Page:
Communities Secretary Sajid Javid has been ramping up his department’s rhetorical output on housing, as the Budget looms large.
The DCLG has launched two major consultations on the property industry: one on the sales side (targeting gazumping in particular), and one tackling systemic issues in the rental sector. And that follows the big Housing White Paper, published earlier in the year.
Now, Javid has publicly argued in favour of borrowing more in an effort to build 300,000 new homes per year. That’s a quantity of construction not seen since the 1960s, and significantly above the 164,000 homes completed in England in 2015/16.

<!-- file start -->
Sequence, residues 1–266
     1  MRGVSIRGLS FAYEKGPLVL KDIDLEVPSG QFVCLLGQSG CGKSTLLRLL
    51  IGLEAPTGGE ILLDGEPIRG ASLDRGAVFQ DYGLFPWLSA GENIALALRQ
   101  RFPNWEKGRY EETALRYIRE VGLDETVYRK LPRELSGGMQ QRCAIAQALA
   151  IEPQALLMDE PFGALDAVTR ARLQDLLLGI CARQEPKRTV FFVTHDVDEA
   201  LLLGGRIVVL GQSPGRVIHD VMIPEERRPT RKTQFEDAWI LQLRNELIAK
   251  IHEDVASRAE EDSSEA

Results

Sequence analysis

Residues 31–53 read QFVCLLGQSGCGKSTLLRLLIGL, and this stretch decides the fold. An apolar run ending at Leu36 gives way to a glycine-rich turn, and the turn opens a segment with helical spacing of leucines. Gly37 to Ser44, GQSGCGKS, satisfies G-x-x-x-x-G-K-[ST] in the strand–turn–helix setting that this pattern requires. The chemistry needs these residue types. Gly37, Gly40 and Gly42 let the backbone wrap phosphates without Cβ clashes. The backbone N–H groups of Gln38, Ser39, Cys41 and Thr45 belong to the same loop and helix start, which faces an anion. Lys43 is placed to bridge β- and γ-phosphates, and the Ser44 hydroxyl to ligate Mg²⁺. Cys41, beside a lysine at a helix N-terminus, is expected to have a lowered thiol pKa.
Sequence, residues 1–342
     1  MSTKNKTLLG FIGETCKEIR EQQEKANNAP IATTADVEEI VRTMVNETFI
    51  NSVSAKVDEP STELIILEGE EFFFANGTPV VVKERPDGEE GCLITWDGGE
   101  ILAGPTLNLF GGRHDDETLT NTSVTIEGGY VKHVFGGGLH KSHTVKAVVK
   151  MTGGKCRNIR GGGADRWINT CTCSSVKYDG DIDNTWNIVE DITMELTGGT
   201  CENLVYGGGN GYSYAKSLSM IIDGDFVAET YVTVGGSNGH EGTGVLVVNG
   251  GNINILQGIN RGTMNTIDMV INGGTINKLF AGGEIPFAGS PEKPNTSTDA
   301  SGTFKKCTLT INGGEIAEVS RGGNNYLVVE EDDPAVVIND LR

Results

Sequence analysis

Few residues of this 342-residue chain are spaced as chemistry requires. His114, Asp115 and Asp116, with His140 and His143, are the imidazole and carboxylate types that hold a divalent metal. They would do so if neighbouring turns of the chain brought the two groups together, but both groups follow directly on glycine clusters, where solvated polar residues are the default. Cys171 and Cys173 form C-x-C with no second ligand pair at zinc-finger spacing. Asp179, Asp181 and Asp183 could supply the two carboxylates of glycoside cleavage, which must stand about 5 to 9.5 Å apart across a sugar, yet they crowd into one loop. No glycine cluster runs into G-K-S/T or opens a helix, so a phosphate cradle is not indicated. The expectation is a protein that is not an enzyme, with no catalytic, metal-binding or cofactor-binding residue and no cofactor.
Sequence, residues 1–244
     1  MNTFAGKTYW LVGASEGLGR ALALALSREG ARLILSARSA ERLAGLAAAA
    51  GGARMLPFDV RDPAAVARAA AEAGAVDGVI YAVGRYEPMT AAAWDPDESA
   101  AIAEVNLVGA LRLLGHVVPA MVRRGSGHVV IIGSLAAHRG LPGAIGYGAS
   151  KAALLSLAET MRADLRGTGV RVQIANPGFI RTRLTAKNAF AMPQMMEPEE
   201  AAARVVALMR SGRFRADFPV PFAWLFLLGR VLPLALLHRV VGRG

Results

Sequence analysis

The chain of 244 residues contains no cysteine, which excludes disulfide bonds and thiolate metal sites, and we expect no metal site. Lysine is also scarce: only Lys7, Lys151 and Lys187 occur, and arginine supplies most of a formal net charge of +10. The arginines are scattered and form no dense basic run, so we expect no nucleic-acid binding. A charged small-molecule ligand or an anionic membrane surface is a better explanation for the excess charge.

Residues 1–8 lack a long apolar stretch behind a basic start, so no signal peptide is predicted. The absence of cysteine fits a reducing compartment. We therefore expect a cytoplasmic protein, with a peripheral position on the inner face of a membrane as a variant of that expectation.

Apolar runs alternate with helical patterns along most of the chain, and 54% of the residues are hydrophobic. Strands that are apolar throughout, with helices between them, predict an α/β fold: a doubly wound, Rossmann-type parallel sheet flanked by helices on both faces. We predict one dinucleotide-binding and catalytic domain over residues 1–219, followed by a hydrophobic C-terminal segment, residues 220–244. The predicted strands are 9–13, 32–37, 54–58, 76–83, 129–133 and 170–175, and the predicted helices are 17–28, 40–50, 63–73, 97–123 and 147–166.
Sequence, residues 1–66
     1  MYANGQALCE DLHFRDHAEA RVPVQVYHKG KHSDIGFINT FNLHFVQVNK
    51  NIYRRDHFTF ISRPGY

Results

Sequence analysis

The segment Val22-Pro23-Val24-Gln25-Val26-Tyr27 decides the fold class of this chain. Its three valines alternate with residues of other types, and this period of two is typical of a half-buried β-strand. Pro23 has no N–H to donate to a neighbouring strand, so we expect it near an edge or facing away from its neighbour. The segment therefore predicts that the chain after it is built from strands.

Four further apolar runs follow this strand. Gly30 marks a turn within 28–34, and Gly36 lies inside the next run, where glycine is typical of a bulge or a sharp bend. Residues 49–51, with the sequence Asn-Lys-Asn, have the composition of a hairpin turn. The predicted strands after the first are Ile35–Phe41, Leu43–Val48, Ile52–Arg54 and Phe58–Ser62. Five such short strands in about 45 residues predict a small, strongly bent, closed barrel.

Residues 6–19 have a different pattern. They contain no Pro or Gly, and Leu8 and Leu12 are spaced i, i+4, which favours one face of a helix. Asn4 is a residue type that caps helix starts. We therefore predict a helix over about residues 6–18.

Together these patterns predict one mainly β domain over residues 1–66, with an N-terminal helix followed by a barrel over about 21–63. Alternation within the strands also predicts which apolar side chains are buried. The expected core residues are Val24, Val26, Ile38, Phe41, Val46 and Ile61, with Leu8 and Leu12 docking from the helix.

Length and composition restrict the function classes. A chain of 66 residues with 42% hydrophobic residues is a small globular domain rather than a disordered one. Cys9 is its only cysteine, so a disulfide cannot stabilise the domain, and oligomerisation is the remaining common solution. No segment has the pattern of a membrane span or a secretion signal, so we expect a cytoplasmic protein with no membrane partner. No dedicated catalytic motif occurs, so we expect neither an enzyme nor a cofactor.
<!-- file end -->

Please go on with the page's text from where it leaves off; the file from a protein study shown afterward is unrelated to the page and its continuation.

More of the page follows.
Record-low interest rates could provide an opportunity to step away from the austerity practices championed by Conservative chancellors since the economy tanked a decade ago, Javid told the BBC’s Andrew Marr.
Borrowing to build “can be the right thing if done sensibly”, he said, calling the housing shortage “the biggest barrier to social progress in our country today”.
“You borrow more to invest in the infrastructure that leads to more housing – take advantage of some of the record-low interest rates that we have,” he said. “I think we should absolutely be considering that.”
Whether such ideas make it through to Chancellor Hammond’s Budget next month – or are even practicable given planning regulations and a skills shortage in the construction sector (likely to be exacerbated by Brexit) – remains to be seen. David did tell Marr that he’s “sure housing will be covered in the Budget”, though.